The 60,000-acre, $3.3 million Paulsell Ranch is littered with Indian ruins, artifacts and petroglyphs. The ranch's resources are so important that its neighbor, Petrified Forest National Park, has unsuccessfully tried to add the land to the park.
Although it's not yet open to the public, billboards already promote what Hatch is calling the International Petrified Forest. Land and air tours will shuttle tourists through the area to ooh and aah at the tumbled stones of pueblos and the fossilized wood, animal teeth and bones that are scattered in dry washes throughout the ranch.
The Paulsell Ranch has long been recognized by scholars from around the country for its archaeological and paleontological value. Rare paleo-Indian sites, Pueblo religious and community centers, and artifacts that may be more than 10,000 years old have been found in the region. Reidhead and Hatch hope to tap into the millions of tourists who flood northern Arizona every year to visit places like Grand Canyon and Petrified Forest National Park. And the venture's board of directors, a group of local businessmen, say they want to manage the property for "preservation, education and profit," Hatch says. "We want to keep it there for future generations."
Hatch, 63, and Reidhead, 67, are descendants of Mormon pioneer families who settled the area in the late 1800s. They've been buddies since they attended high school together in the 1940s and have made millions selling cars and construction materials.
Although neither has formal training in archaeology or paleontology, they've been poking around in the desert all their lives, engaging in "salvage archaeology," as Reidhead puts it. They say preservation, not profit, is their main goal. However, Reidhead adds, "We have spent quite a bit of money and we hope to get it back someday."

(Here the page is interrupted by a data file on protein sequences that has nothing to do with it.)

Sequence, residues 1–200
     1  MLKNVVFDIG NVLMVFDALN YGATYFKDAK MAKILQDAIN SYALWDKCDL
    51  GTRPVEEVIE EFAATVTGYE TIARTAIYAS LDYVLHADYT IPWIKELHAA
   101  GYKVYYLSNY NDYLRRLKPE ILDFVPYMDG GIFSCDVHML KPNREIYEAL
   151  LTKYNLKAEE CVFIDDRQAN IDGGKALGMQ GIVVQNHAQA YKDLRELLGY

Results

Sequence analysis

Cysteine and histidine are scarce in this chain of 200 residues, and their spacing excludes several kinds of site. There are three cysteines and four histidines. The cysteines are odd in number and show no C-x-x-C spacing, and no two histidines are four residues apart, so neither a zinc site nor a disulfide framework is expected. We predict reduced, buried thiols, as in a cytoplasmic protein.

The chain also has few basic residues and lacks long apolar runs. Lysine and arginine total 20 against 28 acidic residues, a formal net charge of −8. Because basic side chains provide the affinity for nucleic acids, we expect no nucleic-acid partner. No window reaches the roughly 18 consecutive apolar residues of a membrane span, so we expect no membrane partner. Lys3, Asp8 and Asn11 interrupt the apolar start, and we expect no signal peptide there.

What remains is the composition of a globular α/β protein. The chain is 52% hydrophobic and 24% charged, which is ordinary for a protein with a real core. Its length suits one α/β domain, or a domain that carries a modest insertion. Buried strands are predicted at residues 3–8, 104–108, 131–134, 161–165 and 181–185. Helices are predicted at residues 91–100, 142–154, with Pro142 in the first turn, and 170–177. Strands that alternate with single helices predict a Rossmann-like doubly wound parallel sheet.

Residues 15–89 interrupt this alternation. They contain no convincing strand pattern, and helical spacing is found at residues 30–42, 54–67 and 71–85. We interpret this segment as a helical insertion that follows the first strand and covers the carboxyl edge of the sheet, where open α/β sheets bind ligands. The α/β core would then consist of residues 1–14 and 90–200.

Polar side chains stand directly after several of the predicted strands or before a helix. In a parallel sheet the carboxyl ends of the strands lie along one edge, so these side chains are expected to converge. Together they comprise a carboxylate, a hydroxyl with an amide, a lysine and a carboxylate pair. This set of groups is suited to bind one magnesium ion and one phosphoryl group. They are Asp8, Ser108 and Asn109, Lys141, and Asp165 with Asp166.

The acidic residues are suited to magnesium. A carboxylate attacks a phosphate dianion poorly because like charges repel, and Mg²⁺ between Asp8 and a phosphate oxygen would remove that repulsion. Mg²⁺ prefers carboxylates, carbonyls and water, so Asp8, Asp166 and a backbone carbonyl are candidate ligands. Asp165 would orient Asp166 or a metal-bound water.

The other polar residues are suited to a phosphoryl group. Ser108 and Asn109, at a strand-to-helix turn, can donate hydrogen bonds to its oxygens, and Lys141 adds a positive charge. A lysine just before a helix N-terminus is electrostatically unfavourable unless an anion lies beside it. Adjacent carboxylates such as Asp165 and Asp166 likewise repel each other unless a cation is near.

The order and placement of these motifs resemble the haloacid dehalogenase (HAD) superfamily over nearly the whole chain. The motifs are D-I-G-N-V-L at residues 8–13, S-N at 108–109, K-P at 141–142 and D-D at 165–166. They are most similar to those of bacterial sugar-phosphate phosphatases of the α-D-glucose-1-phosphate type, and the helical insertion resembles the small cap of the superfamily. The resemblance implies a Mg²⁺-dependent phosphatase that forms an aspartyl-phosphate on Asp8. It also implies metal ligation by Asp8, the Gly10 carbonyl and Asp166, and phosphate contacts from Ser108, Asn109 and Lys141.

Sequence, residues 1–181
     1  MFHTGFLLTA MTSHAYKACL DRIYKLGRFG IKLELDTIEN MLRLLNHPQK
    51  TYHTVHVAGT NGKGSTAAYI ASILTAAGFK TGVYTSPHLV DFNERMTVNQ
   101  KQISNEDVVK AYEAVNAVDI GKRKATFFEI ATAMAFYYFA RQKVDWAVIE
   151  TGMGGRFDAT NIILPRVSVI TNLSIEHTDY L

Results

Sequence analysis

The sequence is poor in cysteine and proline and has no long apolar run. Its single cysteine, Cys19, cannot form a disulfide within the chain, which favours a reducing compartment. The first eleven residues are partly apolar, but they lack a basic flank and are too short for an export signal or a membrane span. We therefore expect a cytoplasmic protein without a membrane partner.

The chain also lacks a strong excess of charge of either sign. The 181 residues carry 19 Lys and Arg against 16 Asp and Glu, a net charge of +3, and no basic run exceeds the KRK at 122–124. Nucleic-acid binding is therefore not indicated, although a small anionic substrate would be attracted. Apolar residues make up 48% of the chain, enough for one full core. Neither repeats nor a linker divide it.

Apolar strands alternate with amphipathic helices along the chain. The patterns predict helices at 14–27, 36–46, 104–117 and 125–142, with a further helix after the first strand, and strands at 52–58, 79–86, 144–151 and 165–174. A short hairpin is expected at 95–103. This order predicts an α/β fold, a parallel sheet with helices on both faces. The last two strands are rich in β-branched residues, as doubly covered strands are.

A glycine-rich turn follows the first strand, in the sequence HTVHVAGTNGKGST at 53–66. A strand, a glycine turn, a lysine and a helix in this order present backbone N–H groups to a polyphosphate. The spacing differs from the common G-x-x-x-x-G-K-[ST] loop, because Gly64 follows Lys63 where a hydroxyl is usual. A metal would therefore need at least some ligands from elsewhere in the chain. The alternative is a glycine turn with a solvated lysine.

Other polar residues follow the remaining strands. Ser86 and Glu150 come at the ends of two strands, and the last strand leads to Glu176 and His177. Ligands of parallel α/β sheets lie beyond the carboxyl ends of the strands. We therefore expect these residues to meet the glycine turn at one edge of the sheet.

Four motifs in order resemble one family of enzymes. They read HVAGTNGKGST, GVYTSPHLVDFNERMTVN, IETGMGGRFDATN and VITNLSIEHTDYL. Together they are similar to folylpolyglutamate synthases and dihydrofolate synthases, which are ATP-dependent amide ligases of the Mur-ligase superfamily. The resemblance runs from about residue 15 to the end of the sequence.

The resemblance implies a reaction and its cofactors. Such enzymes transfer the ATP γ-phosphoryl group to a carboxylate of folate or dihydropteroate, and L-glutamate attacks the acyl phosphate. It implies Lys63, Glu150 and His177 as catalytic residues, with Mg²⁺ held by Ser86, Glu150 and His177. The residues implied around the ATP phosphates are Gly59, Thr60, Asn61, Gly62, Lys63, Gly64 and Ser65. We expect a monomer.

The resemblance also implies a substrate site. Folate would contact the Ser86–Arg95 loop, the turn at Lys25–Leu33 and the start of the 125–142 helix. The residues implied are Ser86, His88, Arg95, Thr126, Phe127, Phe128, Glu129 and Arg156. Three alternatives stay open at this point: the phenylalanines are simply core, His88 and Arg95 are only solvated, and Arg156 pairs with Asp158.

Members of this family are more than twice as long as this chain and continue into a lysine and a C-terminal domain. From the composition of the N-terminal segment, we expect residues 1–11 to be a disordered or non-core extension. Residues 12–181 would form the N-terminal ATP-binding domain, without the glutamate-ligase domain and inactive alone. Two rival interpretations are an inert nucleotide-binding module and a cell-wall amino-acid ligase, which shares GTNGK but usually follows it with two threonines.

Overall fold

At the Paulsell Ranch, tourists will be supervised, but Hatch and Reidhead anticipate some poaching once they open it up to tourists. "Most people probably are gonna pick up a piece of wood, darn it," Reidhead said. He doesn't want visitors to the ranch to be policed like tourists at the nearby national park. Petrified Forest staff "have a mania for that," he says.
Petrified Forest National Park Superintendent Micki Hellickson is reserving comment on the International Petrified Forest for now. Hatch "is free to establish any kind of a business he would like and he is free to call it what he'd like," she says. Hellickson also holds out hope the National Park Service will someday acquire the property. "The National Park Service has outlined in its general management plan a very broad vision for the expansion of the park," she said. "That vision includes the acquisition of at least a portion of the Paulsell Ranch. That vision is still valid."
In the meantime, she's keeping an eye on what happens at the Paulsell Ranch. "We would be concerned if we felt the resources in which the Park Service was interested, if any of them were threatened. We don't know anything is threatened right now," Hellickson said. "If I felt something was happening, I would try to make others aware of the situation."